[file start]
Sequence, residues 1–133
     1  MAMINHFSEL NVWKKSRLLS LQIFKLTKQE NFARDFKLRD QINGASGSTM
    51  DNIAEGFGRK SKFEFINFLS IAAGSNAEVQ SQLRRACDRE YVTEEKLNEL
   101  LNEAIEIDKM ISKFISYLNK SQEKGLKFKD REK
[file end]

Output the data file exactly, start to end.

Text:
Sequence, residues 1–133
     1  MAMINHFSEL NVWKKSRLLS LQIFKLTKQE NFARDFKLRD QINGASGSTM
    51  DNIAEGFGRK SKFEFINFLS IAAGSNAEVQ SQLRRACDRE YVTEEKLNEL
   101  LNEAIEIDKM ISKFISYLNK SQEKGLKFKD REK